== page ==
How to structure a partnership with other married couples?

4 Replies

I grew up in Washington State and would love to build a dream cabin in the next couple years out in the mountains. The problem is that what I'm looking for would require a pretty big mortgage. 

Two of my absolute best friends from childhood (whom I've lived with and get along with great) are talking about going in on a cabin for all of us to use and split 3 ways. Aside from all the house rules about usage, bills, pets, family, maintenance, etc., I'm not sure the best way to structure a potential deal. 

The issue is the other two guys are both newly married. Frankly, I'm not sure their marriages will last. If one or both of them gets divorced and their spouses get half of their combined assets, I can imagine it would mean serious complications for the cabin. 

If a divorce happens, I don't want it to have any impact on ownership or rights to the cabin between the three of us guys. Would that require both of the couples getting a postnuptial agreement before buying? Or is there a better way to keep the property between just the three of us and not the five of us. 

I will first state that I am not experienced in this at all, but a partnership agreement between friends would always be tricky. I would talk to a lawyer to help out, but get agreeable terms that explicitly states what happens in the case of a divorce, such as forcing that couple to sell or surrender its stake at a pre-determined price the the remaining parties, or something like that would be good, and your postnuptial one might be prudent. You'll also want to plan for things like death, bankruptcy, excess damage done by one of the parties...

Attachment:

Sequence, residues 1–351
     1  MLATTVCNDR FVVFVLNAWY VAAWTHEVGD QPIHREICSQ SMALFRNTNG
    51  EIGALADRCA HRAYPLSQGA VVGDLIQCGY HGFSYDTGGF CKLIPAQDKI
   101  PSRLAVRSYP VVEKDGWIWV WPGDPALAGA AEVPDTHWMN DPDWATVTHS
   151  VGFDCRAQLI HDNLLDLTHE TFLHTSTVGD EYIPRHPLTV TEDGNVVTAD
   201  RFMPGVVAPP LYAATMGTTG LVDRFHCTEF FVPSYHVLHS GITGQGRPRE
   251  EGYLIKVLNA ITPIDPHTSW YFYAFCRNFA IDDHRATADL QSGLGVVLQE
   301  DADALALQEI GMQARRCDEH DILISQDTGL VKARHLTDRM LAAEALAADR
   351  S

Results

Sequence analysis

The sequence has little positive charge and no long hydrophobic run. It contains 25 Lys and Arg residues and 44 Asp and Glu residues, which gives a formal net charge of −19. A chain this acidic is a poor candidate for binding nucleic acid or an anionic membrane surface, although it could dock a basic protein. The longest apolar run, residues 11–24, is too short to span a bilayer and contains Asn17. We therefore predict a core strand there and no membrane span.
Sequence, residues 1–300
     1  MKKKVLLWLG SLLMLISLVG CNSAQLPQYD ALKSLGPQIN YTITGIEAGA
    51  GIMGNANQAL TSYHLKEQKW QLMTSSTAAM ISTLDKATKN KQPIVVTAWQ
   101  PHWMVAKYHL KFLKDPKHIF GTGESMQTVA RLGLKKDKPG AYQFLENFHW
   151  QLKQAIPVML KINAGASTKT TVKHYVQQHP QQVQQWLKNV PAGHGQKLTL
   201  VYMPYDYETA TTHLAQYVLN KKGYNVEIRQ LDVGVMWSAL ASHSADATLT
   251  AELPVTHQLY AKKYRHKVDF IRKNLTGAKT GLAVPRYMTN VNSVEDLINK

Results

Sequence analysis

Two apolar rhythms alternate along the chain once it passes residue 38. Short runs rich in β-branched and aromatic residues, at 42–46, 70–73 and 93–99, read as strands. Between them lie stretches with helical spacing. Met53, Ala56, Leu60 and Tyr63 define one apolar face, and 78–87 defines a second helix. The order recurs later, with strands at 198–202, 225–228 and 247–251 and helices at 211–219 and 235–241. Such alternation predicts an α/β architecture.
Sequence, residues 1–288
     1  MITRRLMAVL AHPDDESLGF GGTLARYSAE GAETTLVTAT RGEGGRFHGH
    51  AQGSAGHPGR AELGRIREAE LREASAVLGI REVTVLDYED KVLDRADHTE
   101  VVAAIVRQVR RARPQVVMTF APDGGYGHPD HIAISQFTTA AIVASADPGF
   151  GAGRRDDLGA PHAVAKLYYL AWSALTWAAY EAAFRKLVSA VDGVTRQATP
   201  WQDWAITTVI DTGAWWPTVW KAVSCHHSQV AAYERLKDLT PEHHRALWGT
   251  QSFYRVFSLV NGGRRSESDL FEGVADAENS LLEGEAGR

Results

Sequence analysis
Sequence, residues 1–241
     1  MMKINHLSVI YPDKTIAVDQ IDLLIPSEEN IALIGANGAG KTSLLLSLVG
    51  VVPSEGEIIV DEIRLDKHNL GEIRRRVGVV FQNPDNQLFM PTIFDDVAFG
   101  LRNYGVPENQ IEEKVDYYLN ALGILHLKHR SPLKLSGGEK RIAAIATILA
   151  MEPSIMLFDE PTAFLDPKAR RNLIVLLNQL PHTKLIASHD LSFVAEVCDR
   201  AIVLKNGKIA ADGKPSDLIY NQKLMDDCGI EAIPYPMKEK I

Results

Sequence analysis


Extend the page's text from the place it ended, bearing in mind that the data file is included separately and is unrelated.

You'll also want to think about future generations, and getting split up down the road, or how it could be sold to someone else if someone gets in trouble and forced to liquidate and the remaining partners can't pick up the balance.

Thanks @Andrew Buchanan , those are some very good points. I know it's a tricky situation, so I guess I'll have to just be extra dilligent to cover all the exit strategies and worse case scenarios and get them on paper.

For sure.  Everyone goes into these things with great intentions, and putting money aside, the worst possible outcome is a good friend turned into a not so good one!

Definitely get a lawyer. And before that, the three of you need to hash out all the what-ifs, including the stuff no one likes to talk about. Better to agree to it now, while everything is peachy and get it writing. Than try to figure it all out when things might not be so great.

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